Bill for Medical Cannabis Program Introduced in Kansas

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After stalled attempts over the years, a bill that would create a medical cannabis program in the Sunflower State has made an appearance.

On Monday, March 18, 2024, Senate Bill 555 was introduced in the Kansas state Senate with the short title of “Creating the medical cannabis pilot program act to establish the medical cannabis pilot program for limited cultivation, processing and dispensing of medical cannabis and medical cannabis products.” (1). In 2021, Senate Bill 158, which would have created a medical cannabis program, passed the House, but was not taken up by the Senate (2). If SB 555 is passed, patients with at least one of 16 medical conditions will be able to seek medical cannabis for treatment (3). The pilot medical cannabis program would remain in effect from July 1, 2024 until July 1, 2029 (3).

The program is considered by some to be one of the most restricted programs in the nation (5). “This bill was written to comprehensively address the concerns legislators had with previous bills,” explained Sam Jones, Chief Operating Officer of Kansas Natural Remedies (KNR) (4), “and to ensure that Kansas has the most conservative and controlled medical cannabis program in the nation.” Jones has been previously consulted on the development of the bill (2,5).


The qualifying medical conditions listed in the 50-page bill are (4):

  • Acquired immune deficiency syndrome [AIDS];
  • amyotrophic lateral sclerosis;
  • autism;
  • cancer;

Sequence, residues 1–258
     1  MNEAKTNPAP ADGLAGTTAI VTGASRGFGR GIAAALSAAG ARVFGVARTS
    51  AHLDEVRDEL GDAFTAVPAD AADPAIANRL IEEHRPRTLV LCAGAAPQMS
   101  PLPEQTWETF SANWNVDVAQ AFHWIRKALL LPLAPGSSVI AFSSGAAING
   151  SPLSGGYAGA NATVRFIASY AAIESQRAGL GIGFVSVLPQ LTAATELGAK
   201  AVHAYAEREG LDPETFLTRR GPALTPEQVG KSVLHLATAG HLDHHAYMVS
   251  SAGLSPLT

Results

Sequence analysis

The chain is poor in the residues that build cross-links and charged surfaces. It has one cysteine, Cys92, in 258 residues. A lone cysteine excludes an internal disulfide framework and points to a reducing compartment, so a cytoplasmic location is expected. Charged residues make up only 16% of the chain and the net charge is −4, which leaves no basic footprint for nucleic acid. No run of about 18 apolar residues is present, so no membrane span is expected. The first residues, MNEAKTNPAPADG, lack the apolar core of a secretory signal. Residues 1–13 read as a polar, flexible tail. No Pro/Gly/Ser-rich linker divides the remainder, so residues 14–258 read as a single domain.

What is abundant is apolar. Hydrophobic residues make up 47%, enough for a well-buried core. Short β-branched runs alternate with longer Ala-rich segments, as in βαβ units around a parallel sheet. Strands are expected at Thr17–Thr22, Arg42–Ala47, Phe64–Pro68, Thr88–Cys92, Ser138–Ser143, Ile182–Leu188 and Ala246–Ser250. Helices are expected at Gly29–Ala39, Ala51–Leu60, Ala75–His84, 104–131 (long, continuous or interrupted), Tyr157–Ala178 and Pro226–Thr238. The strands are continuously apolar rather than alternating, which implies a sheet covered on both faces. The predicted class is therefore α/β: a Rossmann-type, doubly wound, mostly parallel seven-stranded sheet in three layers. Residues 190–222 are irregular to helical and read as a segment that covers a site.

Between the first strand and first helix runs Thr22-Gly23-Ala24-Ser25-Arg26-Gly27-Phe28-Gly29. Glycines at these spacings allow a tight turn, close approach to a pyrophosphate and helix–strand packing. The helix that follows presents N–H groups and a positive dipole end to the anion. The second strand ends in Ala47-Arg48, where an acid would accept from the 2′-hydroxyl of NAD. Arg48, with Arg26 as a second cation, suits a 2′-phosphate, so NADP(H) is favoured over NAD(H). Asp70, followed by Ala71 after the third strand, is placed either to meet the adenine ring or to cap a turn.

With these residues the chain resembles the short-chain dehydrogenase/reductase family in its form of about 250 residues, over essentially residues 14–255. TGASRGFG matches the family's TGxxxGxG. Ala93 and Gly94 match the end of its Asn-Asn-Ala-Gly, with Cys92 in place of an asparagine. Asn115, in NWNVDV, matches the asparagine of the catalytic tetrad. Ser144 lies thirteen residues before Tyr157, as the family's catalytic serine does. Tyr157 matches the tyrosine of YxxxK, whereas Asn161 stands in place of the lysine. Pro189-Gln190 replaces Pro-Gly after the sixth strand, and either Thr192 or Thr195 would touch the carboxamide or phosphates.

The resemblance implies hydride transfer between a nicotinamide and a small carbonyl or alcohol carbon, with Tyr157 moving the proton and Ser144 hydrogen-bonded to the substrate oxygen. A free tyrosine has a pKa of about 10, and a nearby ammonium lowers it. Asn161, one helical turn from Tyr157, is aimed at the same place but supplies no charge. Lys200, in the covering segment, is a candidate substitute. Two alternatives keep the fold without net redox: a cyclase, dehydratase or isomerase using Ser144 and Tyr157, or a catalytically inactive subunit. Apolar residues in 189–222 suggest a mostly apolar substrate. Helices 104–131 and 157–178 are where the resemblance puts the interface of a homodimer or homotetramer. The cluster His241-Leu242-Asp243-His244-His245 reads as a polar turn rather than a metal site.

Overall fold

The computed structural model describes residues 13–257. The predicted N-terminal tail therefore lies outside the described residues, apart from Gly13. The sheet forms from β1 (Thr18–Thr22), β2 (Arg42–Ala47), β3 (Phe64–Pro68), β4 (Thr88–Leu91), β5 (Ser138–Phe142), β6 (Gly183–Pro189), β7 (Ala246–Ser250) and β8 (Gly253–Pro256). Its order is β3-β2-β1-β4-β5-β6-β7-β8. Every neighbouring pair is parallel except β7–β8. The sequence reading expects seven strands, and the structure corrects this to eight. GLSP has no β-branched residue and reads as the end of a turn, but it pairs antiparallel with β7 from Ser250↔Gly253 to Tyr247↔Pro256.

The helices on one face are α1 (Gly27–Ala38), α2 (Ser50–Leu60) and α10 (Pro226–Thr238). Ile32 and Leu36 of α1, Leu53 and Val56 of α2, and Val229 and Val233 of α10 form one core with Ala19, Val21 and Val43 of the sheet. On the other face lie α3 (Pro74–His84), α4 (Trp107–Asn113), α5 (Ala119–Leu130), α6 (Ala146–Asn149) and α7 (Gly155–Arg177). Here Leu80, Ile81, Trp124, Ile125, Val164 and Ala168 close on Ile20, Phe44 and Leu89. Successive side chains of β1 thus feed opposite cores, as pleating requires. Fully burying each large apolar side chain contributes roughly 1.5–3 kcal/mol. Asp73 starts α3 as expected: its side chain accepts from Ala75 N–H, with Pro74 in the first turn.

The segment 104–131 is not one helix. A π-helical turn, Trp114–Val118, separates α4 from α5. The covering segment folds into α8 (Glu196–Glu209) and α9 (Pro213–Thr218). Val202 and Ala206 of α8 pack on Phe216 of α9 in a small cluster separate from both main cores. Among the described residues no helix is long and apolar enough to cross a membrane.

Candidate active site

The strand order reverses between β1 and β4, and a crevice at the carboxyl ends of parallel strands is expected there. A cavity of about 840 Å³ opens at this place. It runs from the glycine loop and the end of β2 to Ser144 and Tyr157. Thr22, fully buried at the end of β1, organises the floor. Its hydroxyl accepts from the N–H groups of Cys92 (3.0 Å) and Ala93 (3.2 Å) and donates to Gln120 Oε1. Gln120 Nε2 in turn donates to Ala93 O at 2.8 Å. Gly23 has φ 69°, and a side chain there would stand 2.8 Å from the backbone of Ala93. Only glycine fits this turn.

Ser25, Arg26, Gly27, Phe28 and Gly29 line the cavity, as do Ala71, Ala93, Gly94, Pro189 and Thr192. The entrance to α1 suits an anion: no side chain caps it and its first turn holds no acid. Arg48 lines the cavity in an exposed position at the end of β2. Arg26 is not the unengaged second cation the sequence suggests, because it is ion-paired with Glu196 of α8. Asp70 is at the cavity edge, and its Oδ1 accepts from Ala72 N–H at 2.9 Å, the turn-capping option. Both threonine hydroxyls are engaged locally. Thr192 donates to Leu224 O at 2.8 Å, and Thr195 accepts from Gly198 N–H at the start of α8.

• chronic traumatic encephalopathy;
  • Crohn's disease;
  • epilepsy or another seizure disorder;
  • fibromyalgia;
  • multiple sclerosis;
  • Parkinson's disease;
  • post-traumatic stress disorder;
  • sickle cell anemia;
  • spinal cord disease or injury;
  • traumatic brain injury;
  • ulcerative colitis;
  • pain that is either chronic and severe or intractable

Medical cannabis consumption methods and distribution to patients are limited. Edibles and smoking are not permitted, and patients will receive the approved products, such as tinctures, pills, and flower, through pharmacies rather than dispensaries (4,5).

Kansas Senator Cindy Holscher expressed concerns over some sections of the bill (3). “This bill could potentially cause the state to have legislation brought against us,” stated Holscher (3). “Because again, there are certain regulations in place when it comes to municipal cannabis that we as a state have to adhere to. And if we don’t, then that’s potential for litigation.” She also reiterated the need to prevent children from accessing medical cannabis products (3). According to the bill, the products must be in child-proof packaging (4).

On March 19, SB 555 was referred to the Committee on Federal and State Affairs (1). Kansas is one of 10 US states that does not allow either a medical or recreational cannabis (5). In recent news, Kansas’s neighbor to the north, Nebraska, has also seen some developments in its own medical cannabis program (6). Like Kansas, Nebraska does not currently have a medical cannabis program (6).

The group Nebraskans for Medical Marijuana reported last week that it had collected 40,000 signatures to place two initiatives on the ballot this year: one to decriminalize medical cannabis and one to regulate it (6). A recent poll revealed that 70% of Nebraskans support legal medical cannabis in the state (7). Nebraskans for Medical Marijuana has attempted twice in previous years to place the issue on a ballot, and now the group will need 87,000 signatures by July 1, 2024 (6).


  1. Kansas State Legislature 2023-2024 Legislative Sessions (accessed Mar 21, 2024).
  2. McEvoy, E. Kansas Moves Closer to its First Medical Cannabis Program (accessed Mar 21, 2024).
  3. Daughtry, J. Kansas bill pushes pilot program for medical cannabis (accessed Mar 21, 2024).
  4. Committee on Federal and State Affairs. SENATE BILL No. 555 (accessed Mar 21, 2024).
  5. EIN Presswire, Newly introduced bill could launch Kansas’ first pilot medical cannabis program (accessed Mar 21, 2024).
  6. Hoff, M. Medical marijuana and abortion rights could be on Nebraska ballot (accessed Mar 21, 2024).
  7. Hammel, P. New polling finds 70% support for legalizing medical cannabis (accessed Mar 21, 2024).